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Difference between lock(locker) and lock(variable_which_I_am_using)

In all of the "thread-safe" code examples i've seen, they lock on a separate dummy object. Why cant locks be directly performed on the data in question?

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marked as duplicate by Bill the Lizard Dec 12 '09 at 0:09

This question has been asked before and already has an answer. If those answers do not fully address your question, please ask a new question.

    
great question, this was my first thought too. –  Russell Dec 9 '09 at 11:54
1  
In the interests of helping people to best find the answer they are looking for this question should not be closed. @Bill, the so-called exact duplicate question is awkwardly titled and worded and does not clearly state the fundamental question unlike this question. I believe this question is much more likely to attract attention in searches. Threfore I have voted to re-open. –  Ash Dec 12 '09 at 5:45

3 Answers 3

up vote 17 down vote accepted

Locking on a separate private dummy object gives you a guarantee that no one else is locking in that object.

If you lock on the data and that same piece of data is visible to the outside you lose that guarantee. For example:

public class MyObject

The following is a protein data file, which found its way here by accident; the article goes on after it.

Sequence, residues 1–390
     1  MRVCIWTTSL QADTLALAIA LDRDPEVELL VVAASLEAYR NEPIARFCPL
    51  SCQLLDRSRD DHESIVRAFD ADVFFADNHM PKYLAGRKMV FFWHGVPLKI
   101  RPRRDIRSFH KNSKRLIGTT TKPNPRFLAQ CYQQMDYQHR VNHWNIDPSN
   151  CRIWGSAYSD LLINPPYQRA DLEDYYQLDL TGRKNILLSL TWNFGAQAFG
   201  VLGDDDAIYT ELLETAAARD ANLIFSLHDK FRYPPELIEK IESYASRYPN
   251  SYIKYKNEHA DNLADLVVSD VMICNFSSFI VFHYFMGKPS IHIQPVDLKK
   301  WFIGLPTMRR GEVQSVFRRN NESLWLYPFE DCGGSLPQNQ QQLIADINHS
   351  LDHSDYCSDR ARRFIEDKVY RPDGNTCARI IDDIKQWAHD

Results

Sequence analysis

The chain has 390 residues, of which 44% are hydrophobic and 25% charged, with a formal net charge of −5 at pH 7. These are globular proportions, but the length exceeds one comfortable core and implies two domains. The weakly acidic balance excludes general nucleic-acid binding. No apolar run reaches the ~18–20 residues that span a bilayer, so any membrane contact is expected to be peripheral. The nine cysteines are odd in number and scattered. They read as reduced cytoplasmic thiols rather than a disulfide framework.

{
    public void SharedMethod()
    {
        lock (this)
        {
            // Do stuff
        }
    }
}

class Program
{
    static void Main(string[] args)
    {
        MyObject o = new MyObject();

        lock (o)
        {
            new Thread(() =>
            {
                // Gets blocked 2s because of external lock
                o.SharedMethod();
            }).Start();

            Thread.Sleep(2000);
        }
    }
}
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Nice example of the problem. –  RichardOD Dec 9 '09 at 11:22
    
I think i get it. If you have a separate dummy object then by locking on an object you want to use you're not preventing it from doing anything? –  RCIX Dec 10 '09 at 2:12
    
I mean, when you try to call a method on that object that needs to clock something. –  RCIX Dec 10 '09 at 2:13
1  
Yes, the main advantage in locking on private dummy objects is that you know that only your code will lock on those objects and that way no external code will affect your internal synchronization mechanisms. –  João Angelo Dec 10 '09 at 10:44

Jeff Richter (author of CLR Via C#) explains why in this article on Safe Thread Synchronization.

Specifically, in that article the section "Why the Great Idea isn't So Great" answers your question.

It's actually a chapter from the book CLR Via C#.

In summary, having a private object as the "synclock" object allows your class to encapsulate and control any locking your class needs. Therefore regardless of how many clients use your class, locking is performed consistently and correctly.

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+1. I was going to point out his book, but this article is effectively the same! –  RichardOD Dec 9 '09 at 11:22
    
If an object needs to be locked during certain operations, and if outside code may need to have two or more operations be performed without the lock being released between them, the object must either expose the lock or methods to acquire and release it. Exposing neither will simply make it impossible for external code to properly do what it needs to do. –  supercat May 6 '14 at 18:06

There's some great stuff on this on Eric Gunnerson's blog. See here and here.

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